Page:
Is Brave currently susceptible to fingerprinting through extension detection in the stylesheets?

I thought I would do what I can to help contribute to Brave Browser keeping ahead of the game in terms of thwarting fingerprinting attempts. There’s recent research from February of 2021 that was presented to the USENIX Security Symposium that details how browser extensions could be detected for inclusion in fingerprinting by looking at the stylesheets and detecting injections to them. If Brave is vulnerable to this kind of attack, it could be worth putting a ticket in your backlog to have a look at this. The link below should take you to the research paper.

I think you should post this on GitHub.

Also cc @pes for this

Hi all,

Thank you for posting this. This is an issue that is “rediscovered” every few years; im a bit surprised that it was accepted as a new conference publication. Its slightly counter-intuitive, but the short of it is that attacks like are why stylesheets are considered active content (and have been for a very long time). MDN has more details, for example.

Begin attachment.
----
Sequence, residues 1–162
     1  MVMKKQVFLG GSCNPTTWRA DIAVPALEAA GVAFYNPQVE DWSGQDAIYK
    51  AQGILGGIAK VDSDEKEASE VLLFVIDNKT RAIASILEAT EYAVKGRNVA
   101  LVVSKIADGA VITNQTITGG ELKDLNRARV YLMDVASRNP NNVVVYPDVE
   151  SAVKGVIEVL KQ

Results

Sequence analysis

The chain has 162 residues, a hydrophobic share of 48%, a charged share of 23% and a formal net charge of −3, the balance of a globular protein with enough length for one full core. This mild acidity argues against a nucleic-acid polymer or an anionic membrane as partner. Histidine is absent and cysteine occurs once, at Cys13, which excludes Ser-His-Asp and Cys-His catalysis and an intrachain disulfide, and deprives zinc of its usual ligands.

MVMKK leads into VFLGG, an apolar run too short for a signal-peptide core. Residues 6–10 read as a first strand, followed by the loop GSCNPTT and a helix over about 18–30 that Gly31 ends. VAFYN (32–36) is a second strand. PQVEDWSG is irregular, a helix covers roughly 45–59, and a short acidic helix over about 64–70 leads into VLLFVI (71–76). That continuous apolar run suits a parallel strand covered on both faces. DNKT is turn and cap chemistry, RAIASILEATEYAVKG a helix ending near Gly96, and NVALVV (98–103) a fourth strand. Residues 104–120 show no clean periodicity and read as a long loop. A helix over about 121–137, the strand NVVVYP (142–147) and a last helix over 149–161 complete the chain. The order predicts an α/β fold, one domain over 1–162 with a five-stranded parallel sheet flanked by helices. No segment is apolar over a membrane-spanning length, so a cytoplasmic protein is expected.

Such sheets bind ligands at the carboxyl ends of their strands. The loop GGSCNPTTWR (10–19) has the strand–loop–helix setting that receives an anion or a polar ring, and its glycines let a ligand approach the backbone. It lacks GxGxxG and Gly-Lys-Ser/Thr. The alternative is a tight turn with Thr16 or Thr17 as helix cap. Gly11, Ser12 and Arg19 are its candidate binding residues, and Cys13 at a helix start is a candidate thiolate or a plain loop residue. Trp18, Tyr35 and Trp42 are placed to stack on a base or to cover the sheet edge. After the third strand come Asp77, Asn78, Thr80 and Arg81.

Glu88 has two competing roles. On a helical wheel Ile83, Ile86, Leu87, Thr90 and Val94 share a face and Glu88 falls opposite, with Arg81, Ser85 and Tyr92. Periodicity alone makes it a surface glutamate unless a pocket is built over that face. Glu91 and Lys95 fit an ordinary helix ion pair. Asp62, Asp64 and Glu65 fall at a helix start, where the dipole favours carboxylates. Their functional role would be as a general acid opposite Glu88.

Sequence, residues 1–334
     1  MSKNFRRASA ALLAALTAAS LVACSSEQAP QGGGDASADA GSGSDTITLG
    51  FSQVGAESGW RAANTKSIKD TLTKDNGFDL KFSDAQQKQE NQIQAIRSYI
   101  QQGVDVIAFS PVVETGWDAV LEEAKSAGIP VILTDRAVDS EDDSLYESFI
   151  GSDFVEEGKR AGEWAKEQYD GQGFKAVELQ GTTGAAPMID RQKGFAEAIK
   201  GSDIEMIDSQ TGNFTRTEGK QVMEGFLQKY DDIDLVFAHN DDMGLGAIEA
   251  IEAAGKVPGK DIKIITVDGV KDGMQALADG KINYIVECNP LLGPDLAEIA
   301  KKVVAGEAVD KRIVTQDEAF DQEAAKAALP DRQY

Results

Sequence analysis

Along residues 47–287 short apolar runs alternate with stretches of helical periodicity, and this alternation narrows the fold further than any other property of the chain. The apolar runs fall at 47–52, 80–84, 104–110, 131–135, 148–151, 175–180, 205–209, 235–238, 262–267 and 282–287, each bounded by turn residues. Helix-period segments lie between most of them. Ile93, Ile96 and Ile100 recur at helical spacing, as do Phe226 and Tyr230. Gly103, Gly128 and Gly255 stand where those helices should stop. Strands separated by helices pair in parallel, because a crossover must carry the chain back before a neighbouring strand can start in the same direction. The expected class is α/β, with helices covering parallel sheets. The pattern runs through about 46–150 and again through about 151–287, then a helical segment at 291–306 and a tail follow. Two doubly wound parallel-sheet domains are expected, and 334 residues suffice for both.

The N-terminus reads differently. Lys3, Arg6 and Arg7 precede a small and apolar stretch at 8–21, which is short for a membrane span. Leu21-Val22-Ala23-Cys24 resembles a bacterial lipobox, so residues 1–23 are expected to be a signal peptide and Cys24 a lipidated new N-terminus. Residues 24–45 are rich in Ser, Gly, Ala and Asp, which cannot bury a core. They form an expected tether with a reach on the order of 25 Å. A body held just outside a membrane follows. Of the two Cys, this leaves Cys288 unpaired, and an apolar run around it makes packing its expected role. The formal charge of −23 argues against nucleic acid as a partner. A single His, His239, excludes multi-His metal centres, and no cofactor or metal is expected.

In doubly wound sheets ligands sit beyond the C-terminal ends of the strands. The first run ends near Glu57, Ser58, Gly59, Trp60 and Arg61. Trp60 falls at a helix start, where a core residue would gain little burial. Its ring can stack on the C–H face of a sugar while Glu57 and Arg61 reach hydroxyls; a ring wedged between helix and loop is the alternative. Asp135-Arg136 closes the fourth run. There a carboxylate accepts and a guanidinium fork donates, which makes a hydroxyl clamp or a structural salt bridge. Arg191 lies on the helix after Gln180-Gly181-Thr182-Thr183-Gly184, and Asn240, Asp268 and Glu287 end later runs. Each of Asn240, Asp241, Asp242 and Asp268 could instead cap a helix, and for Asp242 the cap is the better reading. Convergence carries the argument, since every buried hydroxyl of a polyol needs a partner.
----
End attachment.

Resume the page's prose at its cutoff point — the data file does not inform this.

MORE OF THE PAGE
Some quick thoughts though:

  1. The findings here shouldn’t be interpreted as “brave users are more fingerprintable that we though”. Its “browser extensions are very high value fingerprinting vectors”. its why you should (all things being equal) use browsers that provide extremely strong protections in the default configuration, instead of installing extensions to protect your privacy.
  2. “Disabling JavaScript is not a very strong fingerprintint defense.” Its not nothing of course, but disabling scripting is a practical defense, not a fundamental one.
  3. its just as easy to block folks trying to fingerprint your browser through browser extensions, as it its to block folks trying to fingerprint your browser using traditional methods. Brave’s blocking defenses are no less (or more) powerful against blocking stylesheet based fingerprinting as they are against more typical JS based fingerprinting.
  4. The papers idea of removing getComputedStyle is extremely wrong-headed. I’m amazed and shocked they included it to be honest. Theres a long list of reasons why, but the shortest is that there are all sorts of ways (fundamental, cannot be removed from the platform) to infer the style of an element without getComputedStyle); impacts on layout, rendering times, caching, etc.